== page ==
The Food and Drug Administration approved a novel antidepressant — the first in decades to work in a completely new way in the brain — for people with depression that does not respond to other treatments.
The drug, a nasal spray called esketamine, has been eagerly anticipated by psychiatrists and patient groups as a powerful new tool to fight intractable depression. The spray acts within hours, rather than weeks or months as is typical for current antidepressants, and could offer a lifeline to about 5 million people in the United States with major depressive disorder who haven't been helped by current treatments, which accounts for about one in three people with depression.
"This is undeniably a major advance," said Jeffrey Lieberman, a Columbia University psychiatrist. But he cautioned there is still much that isn't known about the drug, particularly regarding its long-term use. "Doctors will have to be very judicious and feel their way along," he said.
The medicine has a complex legacy because it is a component of ketamine, which was approved years ago as an anesthetic and was once popular as a party drug called Special K. Esketamine must be administered under medical supervision and can only be used in a certified doctor's office or clinic, according to the conditions of the FDA approval. It is to be taken along with an oral antidepressant.
For some patients who have searched for a depression treatment for years, the results of ketamine treatment have been profound.
Dennis Charney, dean of the Icahn School of Medicine at Mount Sinai Health System in New York, did extensive early work to show ketamine was an effective treatment for depression. In 2000, he and other researchers published the first study showing that intravenous ketamine rapidly relieved depression.
After giving IV ketamine to seven patients, "to our surprise, they started saying within a few hours that they felt better," Charney said. "It was a wonderful shock."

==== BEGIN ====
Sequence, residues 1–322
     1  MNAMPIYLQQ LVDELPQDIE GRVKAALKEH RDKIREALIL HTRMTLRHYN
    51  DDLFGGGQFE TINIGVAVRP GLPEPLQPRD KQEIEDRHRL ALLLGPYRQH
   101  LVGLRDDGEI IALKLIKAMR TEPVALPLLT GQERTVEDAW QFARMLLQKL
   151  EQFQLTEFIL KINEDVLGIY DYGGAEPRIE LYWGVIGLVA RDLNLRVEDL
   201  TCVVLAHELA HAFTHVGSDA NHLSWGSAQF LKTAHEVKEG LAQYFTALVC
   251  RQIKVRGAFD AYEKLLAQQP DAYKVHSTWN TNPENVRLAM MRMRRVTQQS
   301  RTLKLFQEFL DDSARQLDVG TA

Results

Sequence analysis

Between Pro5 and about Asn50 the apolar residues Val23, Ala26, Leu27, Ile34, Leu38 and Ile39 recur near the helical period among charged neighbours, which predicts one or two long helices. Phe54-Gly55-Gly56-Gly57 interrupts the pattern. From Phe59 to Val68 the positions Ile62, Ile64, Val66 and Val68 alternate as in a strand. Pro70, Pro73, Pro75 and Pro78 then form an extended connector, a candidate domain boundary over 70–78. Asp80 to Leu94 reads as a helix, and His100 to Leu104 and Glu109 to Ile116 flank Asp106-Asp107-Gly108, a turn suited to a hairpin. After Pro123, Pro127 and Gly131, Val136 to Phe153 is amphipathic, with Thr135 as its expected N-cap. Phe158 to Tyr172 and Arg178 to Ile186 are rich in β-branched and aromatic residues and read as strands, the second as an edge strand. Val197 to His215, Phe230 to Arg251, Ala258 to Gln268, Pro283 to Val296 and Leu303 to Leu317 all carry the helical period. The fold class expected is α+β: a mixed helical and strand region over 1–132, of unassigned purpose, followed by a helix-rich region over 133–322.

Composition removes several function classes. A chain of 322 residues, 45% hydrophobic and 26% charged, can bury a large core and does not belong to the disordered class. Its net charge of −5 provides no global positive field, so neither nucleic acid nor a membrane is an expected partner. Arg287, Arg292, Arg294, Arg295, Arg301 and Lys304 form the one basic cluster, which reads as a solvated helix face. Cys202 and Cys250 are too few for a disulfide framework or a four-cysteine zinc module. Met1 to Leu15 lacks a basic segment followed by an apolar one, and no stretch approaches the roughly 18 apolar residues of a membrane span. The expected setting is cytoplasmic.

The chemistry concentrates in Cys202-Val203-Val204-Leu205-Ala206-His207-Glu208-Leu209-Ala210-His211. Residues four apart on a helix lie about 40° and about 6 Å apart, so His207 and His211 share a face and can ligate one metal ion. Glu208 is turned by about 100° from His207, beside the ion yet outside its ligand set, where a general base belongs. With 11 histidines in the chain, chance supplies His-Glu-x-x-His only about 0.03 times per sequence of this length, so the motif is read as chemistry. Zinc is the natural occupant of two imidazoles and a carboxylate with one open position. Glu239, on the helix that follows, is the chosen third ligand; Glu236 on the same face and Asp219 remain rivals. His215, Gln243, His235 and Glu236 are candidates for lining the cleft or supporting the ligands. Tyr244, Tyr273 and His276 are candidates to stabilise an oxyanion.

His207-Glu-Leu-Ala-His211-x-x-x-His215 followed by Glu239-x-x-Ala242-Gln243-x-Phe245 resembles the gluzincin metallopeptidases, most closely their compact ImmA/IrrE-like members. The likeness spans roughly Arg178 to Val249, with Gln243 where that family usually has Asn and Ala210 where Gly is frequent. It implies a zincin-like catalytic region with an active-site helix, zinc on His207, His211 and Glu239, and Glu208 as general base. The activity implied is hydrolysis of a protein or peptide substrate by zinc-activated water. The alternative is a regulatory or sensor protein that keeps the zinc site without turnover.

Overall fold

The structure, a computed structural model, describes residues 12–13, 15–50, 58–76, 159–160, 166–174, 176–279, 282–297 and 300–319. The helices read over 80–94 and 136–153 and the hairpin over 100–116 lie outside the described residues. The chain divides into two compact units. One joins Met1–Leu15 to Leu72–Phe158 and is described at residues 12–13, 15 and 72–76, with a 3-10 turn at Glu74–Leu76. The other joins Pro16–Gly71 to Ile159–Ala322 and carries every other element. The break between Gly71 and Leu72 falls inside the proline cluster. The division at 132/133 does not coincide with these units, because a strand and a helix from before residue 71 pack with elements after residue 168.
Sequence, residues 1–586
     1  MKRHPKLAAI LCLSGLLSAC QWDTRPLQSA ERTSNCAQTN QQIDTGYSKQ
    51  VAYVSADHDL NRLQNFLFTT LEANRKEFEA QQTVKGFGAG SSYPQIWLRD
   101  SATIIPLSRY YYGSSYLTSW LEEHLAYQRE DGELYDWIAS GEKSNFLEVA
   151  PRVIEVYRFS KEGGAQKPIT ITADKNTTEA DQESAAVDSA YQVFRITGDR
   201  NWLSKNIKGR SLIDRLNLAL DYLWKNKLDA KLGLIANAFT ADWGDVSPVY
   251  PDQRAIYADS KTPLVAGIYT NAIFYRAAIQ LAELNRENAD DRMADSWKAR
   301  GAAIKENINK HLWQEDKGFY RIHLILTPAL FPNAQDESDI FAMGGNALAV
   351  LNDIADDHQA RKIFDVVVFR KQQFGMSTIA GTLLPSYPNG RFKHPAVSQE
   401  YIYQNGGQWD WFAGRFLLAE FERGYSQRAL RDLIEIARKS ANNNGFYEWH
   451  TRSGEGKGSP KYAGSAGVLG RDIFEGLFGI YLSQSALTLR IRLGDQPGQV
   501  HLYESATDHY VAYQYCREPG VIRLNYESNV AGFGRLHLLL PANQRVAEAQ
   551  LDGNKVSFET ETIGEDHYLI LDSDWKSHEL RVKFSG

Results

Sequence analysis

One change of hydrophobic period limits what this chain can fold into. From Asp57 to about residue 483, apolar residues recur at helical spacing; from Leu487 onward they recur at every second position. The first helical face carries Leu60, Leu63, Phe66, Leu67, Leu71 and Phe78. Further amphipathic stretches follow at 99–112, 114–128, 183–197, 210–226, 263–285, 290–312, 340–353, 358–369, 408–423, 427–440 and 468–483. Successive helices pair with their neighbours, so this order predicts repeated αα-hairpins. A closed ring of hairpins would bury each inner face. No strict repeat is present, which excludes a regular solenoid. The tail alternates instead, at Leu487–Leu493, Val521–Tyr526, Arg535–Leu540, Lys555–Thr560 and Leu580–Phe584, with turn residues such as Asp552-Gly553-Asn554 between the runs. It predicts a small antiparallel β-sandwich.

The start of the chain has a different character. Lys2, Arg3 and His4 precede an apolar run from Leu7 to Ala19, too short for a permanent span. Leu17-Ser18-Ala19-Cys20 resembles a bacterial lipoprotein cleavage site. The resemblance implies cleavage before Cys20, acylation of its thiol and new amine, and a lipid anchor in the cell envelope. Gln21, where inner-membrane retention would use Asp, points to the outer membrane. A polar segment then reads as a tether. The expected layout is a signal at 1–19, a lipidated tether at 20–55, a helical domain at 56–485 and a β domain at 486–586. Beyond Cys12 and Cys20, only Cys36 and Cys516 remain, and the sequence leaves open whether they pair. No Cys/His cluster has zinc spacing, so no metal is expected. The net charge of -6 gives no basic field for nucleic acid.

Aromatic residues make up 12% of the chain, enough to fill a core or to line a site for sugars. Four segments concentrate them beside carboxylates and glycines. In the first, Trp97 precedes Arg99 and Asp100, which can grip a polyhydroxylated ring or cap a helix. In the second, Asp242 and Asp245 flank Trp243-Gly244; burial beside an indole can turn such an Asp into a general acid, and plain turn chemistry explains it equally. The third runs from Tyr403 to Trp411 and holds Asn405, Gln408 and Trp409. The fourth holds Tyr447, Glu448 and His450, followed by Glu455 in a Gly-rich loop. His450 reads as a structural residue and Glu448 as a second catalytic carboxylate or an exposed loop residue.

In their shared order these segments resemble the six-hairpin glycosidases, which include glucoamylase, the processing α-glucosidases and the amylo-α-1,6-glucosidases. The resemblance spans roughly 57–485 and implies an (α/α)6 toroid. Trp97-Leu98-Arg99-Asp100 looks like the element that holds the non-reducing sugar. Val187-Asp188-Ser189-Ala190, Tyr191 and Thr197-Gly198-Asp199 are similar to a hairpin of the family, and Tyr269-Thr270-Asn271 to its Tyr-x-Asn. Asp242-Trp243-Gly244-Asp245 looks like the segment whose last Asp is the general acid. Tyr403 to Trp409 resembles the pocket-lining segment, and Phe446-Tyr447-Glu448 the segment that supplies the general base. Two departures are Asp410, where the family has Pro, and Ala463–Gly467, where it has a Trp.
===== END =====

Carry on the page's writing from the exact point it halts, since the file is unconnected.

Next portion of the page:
That was the experience of Michael Wurst of Secaucus, New Jersey. Wurst, 37, has suffered from depression as far back as he can remember, but only began to seek therapy and medication in college. He had a negative experience with an oral antidepressant and stopped treatment. Later, when he decided to get therapy again, he was reluctant to try medication but eventually spent a decade cycling through various drugs and combinations, none of which helped.
Then, two years ago, he began receiving ketamine as part of a clinical trial. The first three treatments had no effect, but the fourth "was like a goddamn miracle, like someone just turned the light switch on," Wurst said. "It was like the weight in my head, the cloud that was there for decades, just disappeared. It changed the entire course of my life."
Wurst said he feels like he's been given back his future. He and his wife just bought a house and he's no longer afraid to think about having children.
"This offers hope, in capital letters," said Charney, who is a co-inventor on a patent on the use of ketamine as a depression treatment that has been licensed by Johnson & Johnson. Esketamine, the drug Johnson & Johnson received approval to sell, will appear under the brand name Spravato.